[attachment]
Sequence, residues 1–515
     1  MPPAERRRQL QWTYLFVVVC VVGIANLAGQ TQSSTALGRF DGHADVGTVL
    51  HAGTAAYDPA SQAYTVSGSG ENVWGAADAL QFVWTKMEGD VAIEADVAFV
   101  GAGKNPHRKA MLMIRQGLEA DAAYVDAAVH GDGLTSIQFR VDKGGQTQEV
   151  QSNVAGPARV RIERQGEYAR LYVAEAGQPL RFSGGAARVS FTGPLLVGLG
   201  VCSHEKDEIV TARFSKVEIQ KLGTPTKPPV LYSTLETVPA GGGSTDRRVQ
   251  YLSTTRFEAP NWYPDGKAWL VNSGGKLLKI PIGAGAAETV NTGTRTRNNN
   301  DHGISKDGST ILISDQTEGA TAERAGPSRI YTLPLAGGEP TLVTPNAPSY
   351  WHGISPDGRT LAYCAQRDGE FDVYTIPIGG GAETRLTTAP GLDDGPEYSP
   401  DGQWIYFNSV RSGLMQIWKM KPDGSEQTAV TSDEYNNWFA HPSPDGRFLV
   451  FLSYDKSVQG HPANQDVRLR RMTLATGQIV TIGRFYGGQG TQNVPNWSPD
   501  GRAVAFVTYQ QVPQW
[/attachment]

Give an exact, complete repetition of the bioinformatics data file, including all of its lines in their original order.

Sequence, residues 1–515
     1  MPPAERRRQL QWTYLFVVVC VVGIANLAGQ TQSSTALGRF DGHADVGTVL
    51  HAGTAAYDPA SQAYTVSGSG ENVWGAADAL QFVWTKMEGD VAIEADVAFV
   101  GAGKNPHRKA MLMIRQGLEA DAAYVDAAVH GDGLTSIQFR VDKGGQTQEV
   151  QSNVAGPARV RIERQGEYAR LYVAEAGQPL RFSGGAARVS FTGPLLVGLG
   201  VCSHEKDEIV TARFSKVEIQ KLGTPTKPPV LYSTLETVPA GGGSTDRRVQ
   251  YLSTTRFEAP NWYPDGKAWL VNSGGKLLKI PIGAGAAETV NTGTRTRNNN
   301  DHGISKDGST ILISDQTEGA TAERAGPSRI YTLPLAGGEP TLVTPNAPSY
   351  WHGISPDGRT LAYCAQRDGE FDVYTIPIGG GAETRLTTAP GLDDGPEYSP
   401  DGQWIYFNSV RSGLMQIWKM KPDGSEQTAV TSDEYNNWFA HPSPDGRFLV
   451  FLSYDKSVQG HPANQDVRLR RMTLATGQIV TIGRFYGGQG TQNVPNWSPD
   501  GRAVAFVTYQ QVPQW